This 1996 Chinese production from director Wu Tianming is begin given new life thanks to the wise folks at First Run Features. Winner of more than 25 top honors at film festivals worldwide, The King of Masks is a beautifully created and loving tale about a lonely old magician, Wang (Zhu Xu), who is nearing the age where he should be handing down the secrets of his magic to his son.
Sadly, there is no son.
It is a time in China with rampant flooding and homelessness, and in the next city there is a baby market where parents seek cash in exchange for those who wish to purchase their children. Wang visits this market, but he does not find anyone until he is about to leave and a young urchin cries out "Grandpa!" from the crowd. Taken by this small boy, Wang pays $10 for the 8-year-old and returns him to the boat where they will live. Together, they will study the ancient art of silk masks.
The King of Masks is that rare foreign film that would be a sublime viewing experience even for children, though it's worth noting that it is in Mandarin with English subtitles. The 102-minute film is set in the 1930s and Tianming does an extraordinary job of weaving past into the present in both the production's design and how culture plays such a vital part throughout the film. The film focuses much energy on the young child, whom Wang affectionately nicknames Doggie, along with a pet monkey. As the child's secrets are revealed, the story becomes both beautiful to watch and important to tell.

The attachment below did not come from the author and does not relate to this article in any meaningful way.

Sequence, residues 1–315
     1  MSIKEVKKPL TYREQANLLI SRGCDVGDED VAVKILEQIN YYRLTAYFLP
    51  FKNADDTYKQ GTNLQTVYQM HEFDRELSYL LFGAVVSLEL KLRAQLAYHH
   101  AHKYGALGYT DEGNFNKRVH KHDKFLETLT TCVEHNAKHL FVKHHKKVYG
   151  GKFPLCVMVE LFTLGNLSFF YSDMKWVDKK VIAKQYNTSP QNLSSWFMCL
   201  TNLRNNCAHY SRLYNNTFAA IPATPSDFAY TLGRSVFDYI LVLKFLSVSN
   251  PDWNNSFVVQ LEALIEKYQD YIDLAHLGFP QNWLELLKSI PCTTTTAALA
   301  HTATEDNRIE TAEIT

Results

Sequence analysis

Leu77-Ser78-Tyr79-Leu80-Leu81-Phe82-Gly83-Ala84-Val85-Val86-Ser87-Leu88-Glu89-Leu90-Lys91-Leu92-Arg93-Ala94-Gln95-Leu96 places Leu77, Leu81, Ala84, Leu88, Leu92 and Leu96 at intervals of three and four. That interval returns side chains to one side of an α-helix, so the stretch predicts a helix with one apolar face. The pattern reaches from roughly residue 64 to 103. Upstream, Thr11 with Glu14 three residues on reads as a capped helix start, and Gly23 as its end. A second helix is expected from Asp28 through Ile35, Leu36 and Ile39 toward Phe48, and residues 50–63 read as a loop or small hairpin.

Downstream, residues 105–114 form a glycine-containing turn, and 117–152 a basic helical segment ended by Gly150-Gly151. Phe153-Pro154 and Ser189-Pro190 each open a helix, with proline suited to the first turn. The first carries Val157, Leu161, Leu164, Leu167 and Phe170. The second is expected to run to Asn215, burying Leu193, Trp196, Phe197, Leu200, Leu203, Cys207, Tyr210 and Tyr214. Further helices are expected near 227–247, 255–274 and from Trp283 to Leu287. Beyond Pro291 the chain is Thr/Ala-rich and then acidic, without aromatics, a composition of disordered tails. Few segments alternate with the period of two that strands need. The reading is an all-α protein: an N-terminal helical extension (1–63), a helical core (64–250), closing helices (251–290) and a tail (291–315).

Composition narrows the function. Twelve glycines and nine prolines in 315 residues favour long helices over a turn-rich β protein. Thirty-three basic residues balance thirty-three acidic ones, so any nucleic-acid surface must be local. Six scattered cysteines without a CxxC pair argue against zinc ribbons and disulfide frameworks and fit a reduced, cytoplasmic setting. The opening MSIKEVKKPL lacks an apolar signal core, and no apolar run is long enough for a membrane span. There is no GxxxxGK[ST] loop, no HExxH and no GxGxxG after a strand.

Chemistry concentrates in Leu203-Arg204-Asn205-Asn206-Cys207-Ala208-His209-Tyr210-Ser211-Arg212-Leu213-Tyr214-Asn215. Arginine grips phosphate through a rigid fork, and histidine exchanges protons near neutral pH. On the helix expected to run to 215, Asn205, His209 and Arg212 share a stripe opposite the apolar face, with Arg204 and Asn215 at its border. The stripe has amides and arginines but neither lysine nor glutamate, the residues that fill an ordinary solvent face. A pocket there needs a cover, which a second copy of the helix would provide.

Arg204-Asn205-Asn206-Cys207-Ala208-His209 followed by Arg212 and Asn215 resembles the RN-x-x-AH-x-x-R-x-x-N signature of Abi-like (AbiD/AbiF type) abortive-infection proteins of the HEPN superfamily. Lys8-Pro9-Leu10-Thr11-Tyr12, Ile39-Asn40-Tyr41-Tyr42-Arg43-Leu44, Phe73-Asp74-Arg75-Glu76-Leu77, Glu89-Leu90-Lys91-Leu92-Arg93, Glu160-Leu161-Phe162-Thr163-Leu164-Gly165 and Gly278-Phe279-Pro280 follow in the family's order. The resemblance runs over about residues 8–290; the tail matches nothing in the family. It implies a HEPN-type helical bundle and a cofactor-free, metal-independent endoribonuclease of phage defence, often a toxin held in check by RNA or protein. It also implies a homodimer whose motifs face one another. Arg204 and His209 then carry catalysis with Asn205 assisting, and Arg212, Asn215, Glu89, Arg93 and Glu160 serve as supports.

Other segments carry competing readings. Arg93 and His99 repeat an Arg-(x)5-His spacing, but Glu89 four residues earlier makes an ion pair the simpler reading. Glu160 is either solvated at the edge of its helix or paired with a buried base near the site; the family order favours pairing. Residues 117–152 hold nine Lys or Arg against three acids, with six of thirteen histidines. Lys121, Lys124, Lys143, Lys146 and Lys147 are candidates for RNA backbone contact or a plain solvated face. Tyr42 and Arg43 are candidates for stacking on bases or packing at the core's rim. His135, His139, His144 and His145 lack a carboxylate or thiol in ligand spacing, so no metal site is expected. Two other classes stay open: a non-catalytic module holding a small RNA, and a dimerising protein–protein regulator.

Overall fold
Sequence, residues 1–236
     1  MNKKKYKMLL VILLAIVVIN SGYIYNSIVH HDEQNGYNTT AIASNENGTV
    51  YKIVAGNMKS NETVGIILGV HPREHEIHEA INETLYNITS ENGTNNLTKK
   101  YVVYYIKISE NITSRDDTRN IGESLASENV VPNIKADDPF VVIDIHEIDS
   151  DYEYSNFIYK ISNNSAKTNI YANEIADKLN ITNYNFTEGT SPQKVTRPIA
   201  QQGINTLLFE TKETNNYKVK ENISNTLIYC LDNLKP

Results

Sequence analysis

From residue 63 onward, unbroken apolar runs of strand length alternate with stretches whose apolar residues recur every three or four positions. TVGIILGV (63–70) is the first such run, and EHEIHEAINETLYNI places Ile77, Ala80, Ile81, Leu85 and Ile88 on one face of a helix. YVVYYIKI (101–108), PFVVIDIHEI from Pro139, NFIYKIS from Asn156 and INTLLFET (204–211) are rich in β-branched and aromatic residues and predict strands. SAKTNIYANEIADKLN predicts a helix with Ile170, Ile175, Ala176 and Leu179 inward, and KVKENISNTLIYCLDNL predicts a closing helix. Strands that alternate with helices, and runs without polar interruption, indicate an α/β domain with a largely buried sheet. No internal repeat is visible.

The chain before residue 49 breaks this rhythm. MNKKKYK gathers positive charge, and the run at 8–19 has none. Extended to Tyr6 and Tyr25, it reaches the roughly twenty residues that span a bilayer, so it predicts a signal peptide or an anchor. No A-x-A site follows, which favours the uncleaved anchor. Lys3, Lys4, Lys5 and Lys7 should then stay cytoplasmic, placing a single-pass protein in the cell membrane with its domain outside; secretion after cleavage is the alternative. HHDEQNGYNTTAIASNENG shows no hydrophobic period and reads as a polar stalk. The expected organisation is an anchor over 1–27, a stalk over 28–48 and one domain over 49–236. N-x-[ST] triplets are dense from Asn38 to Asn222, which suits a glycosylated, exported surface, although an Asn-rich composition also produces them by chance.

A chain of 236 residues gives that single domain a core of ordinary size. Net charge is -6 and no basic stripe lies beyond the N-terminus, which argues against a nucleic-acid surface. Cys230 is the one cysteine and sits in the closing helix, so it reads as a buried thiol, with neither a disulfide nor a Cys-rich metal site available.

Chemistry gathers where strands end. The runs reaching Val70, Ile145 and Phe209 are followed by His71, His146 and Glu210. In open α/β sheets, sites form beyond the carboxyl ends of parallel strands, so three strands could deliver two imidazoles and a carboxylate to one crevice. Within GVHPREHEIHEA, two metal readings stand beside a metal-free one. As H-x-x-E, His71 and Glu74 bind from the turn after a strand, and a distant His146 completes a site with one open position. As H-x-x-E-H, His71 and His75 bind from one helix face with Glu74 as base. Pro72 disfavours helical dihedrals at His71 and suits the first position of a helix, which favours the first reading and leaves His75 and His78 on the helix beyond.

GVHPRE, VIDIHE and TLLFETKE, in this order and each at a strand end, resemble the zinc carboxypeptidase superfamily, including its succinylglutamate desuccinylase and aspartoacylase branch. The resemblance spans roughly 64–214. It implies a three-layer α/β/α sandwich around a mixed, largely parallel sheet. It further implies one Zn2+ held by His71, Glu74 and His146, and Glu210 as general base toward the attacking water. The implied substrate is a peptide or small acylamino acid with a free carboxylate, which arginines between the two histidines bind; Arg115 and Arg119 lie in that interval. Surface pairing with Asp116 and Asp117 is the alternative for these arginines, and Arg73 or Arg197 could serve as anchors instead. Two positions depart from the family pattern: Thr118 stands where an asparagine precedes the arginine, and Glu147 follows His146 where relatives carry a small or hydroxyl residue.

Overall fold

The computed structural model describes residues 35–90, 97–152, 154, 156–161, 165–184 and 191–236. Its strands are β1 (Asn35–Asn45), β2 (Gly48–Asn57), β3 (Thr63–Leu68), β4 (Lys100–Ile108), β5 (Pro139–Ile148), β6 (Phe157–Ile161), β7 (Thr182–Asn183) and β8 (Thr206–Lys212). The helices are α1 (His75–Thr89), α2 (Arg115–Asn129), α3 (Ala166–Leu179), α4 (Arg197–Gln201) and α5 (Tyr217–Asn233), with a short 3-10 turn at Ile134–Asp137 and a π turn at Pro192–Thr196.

Chinese filmmakers have long had a gift for weaving fables into stories set in what could simply be called "real life." This is very much what Tianming does with The KIng of Masks. It's a remarkably gorgeous film with performances by Xu and young Chao Yim Yin that are vulnerable yet self-assured. Wei Minglun's story is ultimately a story about two people bound together by fate and suffering whose redemption comes from the power of love. It is both a culturally relevant tale and a universal one.
In China, it is imperative that Wang, or any man really, have a son to whom he can pass down both his secrets and the responsibility for them. As the story unfolds, we learn (and this is widely known) that Doggie is, in fact, a young gril. It is a revelation that could end up costing Wang and Doggie everything as the story continues.
The King of Masks is a simple, innocent and graceful story about love, art, and the heart of loneliness. If it were to be framed in contemporary language, one might also call it a film about "family of choice." The film was Tianming's first film after returning to China after several years in the U.S. and one can see where it is both an artistic statement with integrity and, at least in subtle ways, a political statement.
Mesmerizing and unforgettable, The King of Masks will win your heart.